Nagorno-Karabakh: Turkish Bayraktar drone vs. Russian Osa anti-aircraft system [video]

BAKU, (BM) – The armed forces of Azerbaijan have published recordings which show that at least several Osa anti-aircraft systems belonging to the Armenian army were destroyed during the recent fighting, learned citing Defence 24.

Read more: 24/7 – All about Nagorno-Karabakh conflict

The recordings show the destruction of at least a few wasp-type AA systems. As a rule, they are stationary, at previously prepared combat positions, and have radars for detecting and tracking air targets. The Azeri army reported the destruction of as many as twelve Os, but these reports are difficult to verify.

Osa anti-aircraft systems have long been used in combat in Nagorno-Karabakh. Both during the recent intensification of the fighting and earlier, the Armenian side was to use them to destroy unmanned aerial vehicles used by the Azerbaijani side. This time, however, the Osy themselves fell victim to the Azeri aviation. Aviation expert Babak Taghavee claims that Bayraktar TB2 drones were used to destroy these sets.

Drones of this type have already been used in combat – in Syria and Libya, where they fought other, more advanced Russian Pancyr-S1 anti-aircraft systems. A few months ago, plans to acquire such machines, classified as medium-range tactical and capable of carrying UMTAS air-to-ground anti-tank missiles and MAM-L ammunition, were announced a few months ago.

Experience from Nagorno-Karabakh and other armed conflicts over recent months and years prove that, under the right conditions, UAS can pose a serious threat to land units, even if the latter have some air defense capabilities. A characteristic feature of drones is, among others the fact that they can be used with the assumption of incurring some losses and quickly replaced without the need for long-term repeated training of the staff, which cannot be said for manned airplanes.

Conclusions from the course of conflicts – of course, taking into account the full range of conditions, including terrain, the presence of fighter aviation, electronic warfare means, and finally – the threat from air defense should be analyzed and taken into account when shaping the destruction system of NATO countries, including Poland. It is also becoming increasingly important to protect land units against air attacks, not only with the use of air defense systems, but also the use of disruptive measures, and finally – appropriate tactics including masking (including multispectral) and frequent changes of positions.

As we reported earlier today [September 29 – ed.], the Deputy Commander of the Armenian Army Artsakh Artur Sargsyan said that the Azerbaijani military has suffered heavy losses in the last two days, which include at least 400 Azerbaijani soldiers killed.

According to Sargsyan, Armenian forces have so far destroyed 47 armored vehicles, mainly tanks and 36 military attack and surveillance drones.

“In the last two days of fighting, Azerbaijani troops have lost more than 400 people. As of 5:00 pm on September 28, the following enemy losses were registered: 36 UAVs, 47 armored vehicles, more than 400 casualties,” Sargsyan told a news conference.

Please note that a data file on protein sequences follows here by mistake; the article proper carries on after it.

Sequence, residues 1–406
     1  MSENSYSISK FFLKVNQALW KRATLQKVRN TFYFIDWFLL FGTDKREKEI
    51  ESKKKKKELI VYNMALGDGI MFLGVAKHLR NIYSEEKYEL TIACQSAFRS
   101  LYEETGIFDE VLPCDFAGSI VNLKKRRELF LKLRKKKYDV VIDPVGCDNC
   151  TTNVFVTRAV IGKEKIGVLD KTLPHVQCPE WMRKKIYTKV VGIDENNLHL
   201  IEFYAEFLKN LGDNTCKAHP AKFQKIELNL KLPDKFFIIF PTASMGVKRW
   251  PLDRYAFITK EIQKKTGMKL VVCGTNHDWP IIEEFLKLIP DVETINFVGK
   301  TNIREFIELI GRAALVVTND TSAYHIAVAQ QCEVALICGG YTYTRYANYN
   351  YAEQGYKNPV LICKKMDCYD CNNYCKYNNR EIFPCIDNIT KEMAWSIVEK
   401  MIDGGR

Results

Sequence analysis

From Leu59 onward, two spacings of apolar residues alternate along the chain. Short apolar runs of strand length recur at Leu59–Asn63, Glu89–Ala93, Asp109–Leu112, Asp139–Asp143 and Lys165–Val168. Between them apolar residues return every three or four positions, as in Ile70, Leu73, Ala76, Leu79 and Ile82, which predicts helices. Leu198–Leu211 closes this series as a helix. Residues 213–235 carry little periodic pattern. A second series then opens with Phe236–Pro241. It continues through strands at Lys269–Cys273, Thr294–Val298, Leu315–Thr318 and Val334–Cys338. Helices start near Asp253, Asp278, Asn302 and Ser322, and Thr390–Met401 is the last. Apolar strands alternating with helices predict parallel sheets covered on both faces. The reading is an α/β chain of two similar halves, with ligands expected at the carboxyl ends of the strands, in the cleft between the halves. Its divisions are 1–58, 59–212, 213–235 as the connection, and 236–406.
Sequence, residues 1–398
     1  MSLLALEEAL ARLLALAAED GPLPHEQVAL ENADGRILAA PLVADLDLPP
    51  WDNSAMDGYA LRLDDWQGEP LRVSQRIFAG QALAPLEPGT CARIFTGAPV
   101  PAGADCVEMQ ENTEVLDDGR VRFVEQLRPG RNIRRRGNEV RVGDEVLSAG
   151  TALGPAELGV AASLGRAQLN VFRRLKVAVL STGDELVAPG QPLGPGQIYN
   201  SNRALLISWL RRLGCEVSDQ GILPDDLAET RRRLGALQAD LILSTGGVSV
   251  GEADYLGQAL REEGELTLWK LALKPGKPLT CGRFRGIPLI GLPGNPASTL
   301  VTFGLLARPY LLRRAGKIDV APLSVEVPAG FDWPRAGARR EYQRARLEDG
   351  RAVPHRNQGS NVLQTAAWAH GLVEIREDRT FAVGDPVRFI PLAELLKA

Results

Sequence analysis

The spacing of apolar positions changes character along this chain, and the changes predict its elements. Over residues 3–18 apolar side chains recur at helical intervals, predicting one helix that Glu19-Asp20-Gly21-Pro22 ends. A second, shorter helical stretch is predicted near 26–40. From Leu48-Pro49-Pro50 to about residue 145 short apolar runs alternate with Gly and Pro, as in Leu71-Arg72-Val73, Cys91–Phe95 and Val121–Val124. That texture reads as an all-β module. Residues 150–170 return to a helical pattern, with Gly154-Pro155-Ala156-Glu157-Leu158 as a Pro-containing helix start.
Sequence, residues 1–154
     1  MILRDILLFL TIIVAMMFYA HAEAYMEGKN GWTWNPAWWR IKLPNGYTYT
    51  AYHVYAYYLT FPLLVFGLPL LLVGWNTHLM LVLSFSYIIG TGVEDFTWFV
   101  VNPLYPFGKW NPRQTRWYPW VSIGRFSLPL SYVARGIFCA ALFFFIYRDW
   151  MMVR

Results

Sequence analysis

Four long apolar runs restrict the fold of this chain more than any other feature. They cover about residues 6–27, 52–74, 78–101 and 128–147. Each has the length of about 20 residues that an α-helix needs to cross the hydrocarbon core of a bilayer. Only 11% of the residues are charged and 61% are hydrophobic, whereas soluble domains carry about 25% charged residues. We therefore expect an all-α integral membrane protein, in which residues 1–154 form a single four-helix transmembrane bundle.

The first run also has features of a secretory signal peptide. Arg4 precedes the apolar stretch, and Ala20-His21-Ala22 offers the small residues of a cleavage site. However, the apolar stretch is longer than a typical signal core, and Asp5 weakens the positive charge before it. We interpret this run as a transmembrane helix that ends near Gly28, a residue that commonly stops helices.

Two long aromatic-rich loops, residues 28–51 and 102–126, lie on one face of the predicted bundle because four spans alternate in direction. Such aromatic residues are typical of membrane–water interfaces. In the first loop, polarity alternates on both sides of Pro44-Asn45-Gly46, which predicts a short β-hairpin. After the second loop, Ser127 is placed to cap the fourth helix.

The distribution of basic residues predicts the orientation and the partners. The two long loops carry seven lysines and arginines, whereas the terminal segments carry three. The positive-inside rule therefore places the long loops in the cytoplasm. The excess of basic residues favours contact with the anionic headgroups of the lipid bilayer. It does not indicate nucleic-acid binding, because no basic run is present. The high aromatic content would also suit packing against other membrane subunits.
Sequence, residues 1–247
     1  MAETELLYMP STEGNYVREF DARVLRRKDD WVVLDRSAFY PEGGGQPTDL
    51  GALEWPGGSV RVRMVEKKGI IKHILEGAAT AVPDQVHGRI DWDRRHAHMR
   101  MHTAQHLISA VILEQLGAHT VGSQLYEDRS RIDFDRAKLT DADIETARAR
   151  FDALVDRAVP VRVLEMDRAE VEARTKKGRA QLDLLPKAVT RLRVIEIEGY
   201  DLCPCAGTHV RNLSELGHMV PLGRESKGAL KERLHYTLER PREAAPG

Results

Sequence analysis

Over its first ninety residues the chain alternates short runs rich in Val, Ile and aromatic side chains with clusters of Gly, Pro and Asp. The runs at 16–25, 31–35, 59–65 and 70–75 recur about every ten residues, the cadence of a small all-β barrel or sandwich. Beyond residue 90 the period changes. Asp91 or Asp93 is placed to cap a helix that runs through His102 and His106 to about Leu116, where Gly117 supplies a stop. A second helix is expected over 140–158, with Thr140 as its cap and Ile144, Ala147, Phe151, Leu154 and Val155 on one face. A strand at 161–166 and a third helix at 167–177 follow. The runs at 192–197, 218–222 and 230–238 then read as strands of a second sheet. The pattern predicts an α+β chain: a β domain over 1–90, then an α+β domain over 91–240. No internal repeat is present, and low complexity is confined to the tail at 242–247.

Tensions between Armenia and Azerbaijan escalated again on September 27 after the Ministry of Defense of Azerbaijan issued a special press release stating that the forces of the Azerbaijani army are launching a counter-offensive operation on the entire Nagorno-Karabakh front.

“The troops of the Azerbaijani army have launched a counter-offensive operation on the entire front,” the republic’s defense ministry said.

The official opinion of the Ministry of Defense is that military actions of the Armenian military units are being observed and that is why the Azeris have taken actions to repel and suppress them.

Nagorno-Karabakh conflict

Azerbaijan and Armenia have been in conflict over Nagorno-Karabakh since February 1988, when the Nagorno-Karabakh Autonomous Region announced its withdrawal from the Azerbaijan SSR.

During the armed conflict in 1992-1994, the Azerbaijani side lost control of Nagorno-Karabakh and the seven areas adjacent to it. Since 1992, negotiations have been conducted within the framework of the OSCE Minsk Group on a peaceful settlement of the conflict. The group is led by co-chairs – Russia, USA and France.

In 1994, Azerbaijan, Armenia and the unrecognized Nagorno-Karabakh Republic, through the mediation of Russia, signed the Bishkek Armistice Protocol. At the same time, military operations did not stop there, which periodically renewed.

The most significant exacerbation of the conflict was the four-day war of 2016. Then hundreds of soldiers on both sides became victims.

Russian Foreign Minister Sergei Lavrov, during a meeting with the President of Azerbaijan last year, called for a rhetoric that would go against the fundamental principles endorsed by both sides and enshrined in the UN Charter and the Helsinki Final Act when resolving the situation around Nagorno-Karabakh.

At the same time, the head of the Russian Foreign Ministry admitted that much more needs to be done to achieve a long-term political settlement.


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